Gene Therapy to Prevent the Progression of Multiple Sclerosis (MS)

Technology #15158

Treatment Targets the Liver to Restore Immune Tolerance and Reduce Autoimmune Inflammation

This gene therapy treatment re-establishes immune tolerance in order to halt the progression of multiple sclerosis, a debilitating disease that affects more than 2.3 million people worldwide. Adeno-associated virus gene therapy (AAV therapy) has been proven as a powerful tool for the treatment of a broad spectrum of diseases. Researchers at the University of Florida have developed the first AAV therapy that treats autoimmune diseases by exploiting the liver’s natural tolerogenic ability to generate cells that suppress harmful autoimmune responses. Multiple sclerosis is an immune-mediated disease of the central nervous system (CNS) in which a patient’s immune system loses its ability to distinguish between self and attacker. The dysfunctional immune system attacks myelin, an insulating sheath that protects neuron signaling speed, causing demyelination and neuronal degeneration. It’s estimated that more than 400,000 people in the United States have MS, with about 200 new cases being diagnosed each week.

Application

Multiple sclerosis gene therapy

Advantages

  • Allows for greater immune control and stabilization, preventing and halting the progression of multiple sclerosis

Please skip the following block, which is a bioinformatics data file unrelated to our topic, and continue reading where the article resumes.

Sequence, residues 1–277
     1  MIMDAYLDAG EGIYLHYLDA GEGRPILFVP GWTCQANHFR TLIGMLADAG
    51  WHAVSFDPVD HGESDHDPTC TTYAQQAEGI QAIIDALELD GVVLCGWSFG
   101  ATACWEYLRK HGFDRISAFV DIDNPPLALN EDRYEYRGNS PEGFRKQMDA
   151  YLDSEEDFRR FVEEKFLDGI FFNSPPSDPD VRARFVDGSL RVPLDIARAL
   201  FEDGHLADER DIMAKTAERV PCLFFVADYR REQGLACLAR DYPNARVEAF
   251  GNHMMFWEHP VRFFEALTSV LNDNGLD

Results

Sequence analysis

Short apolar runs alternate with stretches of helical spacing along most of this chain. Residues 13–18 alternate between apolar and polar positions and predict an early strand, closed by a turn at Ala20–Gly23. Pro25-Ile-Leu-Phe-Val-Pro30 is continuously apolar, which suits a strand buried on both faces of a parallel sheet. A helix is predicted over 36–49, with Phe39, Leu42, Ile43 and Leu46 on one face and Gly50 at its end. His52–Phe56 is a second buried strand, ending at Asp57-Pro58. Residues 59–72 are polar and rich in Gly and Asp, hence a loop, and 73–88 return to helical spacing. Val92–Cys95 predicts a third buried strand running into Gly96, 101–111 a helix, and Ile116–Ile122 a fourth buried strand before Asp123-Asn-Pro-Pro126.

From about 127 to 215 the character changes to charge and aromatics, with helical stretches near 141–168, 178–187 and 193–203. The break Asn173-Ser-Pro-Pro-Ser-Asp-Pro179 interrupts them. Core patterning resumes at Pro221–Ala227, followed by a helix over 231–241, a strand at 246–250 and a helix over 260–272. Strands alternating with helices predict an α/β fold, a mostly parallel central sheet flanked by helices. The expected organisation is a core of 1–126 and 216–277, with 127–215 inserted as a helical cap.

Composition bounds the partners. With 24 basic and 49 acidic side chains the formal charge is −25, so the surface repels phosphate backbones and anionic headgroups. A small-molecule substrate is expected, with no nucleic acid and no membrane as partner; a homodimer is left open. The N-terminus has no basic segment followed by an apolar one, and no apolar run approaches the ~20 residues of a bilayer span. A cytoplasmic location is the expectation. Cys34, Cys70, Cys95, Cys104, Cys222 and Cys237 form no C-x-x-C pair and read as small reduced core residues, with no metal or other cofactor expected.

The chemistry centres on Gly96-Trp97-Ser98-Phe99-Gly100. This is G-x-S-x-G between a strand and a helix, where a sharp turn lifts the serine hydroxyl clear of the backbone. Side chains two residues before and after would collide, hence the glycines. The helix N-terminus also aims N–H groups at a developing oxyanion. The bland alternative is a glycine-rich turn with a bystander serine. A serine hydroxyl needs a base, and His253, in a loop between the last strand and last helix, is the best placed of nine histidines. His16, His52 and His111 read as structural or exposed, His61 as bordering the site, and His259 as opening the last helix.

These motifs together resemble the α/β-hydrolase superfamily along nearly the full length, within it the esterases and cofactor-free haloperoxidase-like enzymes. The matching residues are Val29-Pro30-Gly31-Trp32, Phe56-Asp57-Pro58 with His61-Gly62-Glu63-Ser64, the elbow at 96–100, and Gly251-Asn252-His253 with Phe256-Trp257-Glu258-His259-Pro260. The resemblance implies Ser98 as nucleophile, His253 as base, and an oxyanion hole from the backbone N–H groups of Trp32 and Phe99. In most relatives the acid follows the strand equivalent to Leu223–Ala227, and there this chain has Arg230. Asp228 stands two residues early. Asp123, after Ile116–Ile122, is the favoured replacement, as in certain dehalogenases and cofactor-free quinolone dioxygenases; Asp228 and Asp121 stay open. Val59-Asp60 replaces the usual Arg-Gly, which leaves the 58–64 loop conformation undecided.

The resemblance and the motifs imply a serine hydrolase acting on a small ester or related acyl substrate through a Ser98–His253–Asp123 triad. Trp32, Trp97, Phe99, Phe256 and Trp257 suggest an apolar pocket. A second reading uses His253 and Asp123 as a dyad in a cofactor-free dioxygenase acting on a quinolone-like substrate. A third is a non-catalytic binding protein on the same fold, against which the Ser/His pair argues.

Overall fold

• Establishes self-sustained immune tolerance, reducing need for long-term therapies and increasing patient comfort and ease of treatment
  • Creates potential for a new line of MS treatment, advancing MS and gene therapy research
  • Enables the patient’s own immune system to generate the unique immune regulatory T-Cells specifically needed, permitting a universally applicable treatment

Technology

Regulatory T-Cells are critical to the maintenance of immune self-tolerance and homeostasis; they act as a self-check built into the immune system to prevent the excessive and self-destructive immune responses found in multiple sclerosis patients. Researchers at the University of Florida have developed an AAV gene therapy that allows the body to manufacture the specific regulatory T-cells it needs. This helps the body re-establish immune tolerance and provides a universally applicable treatment. The self-sustaining nature of the treatment may eliminate the need for long-term treatments. The AAV gene therapy treatment is directed at the liver, an organ with an unusual capacity to induce immune tolerance. Several proteins are expressed, which unlike current therapies, would create a treatment that is persistent. Re-establishing the body’s immune tolerance would both prevent and halt the existing demyelinating disease, due to the greater immune control and stabilization.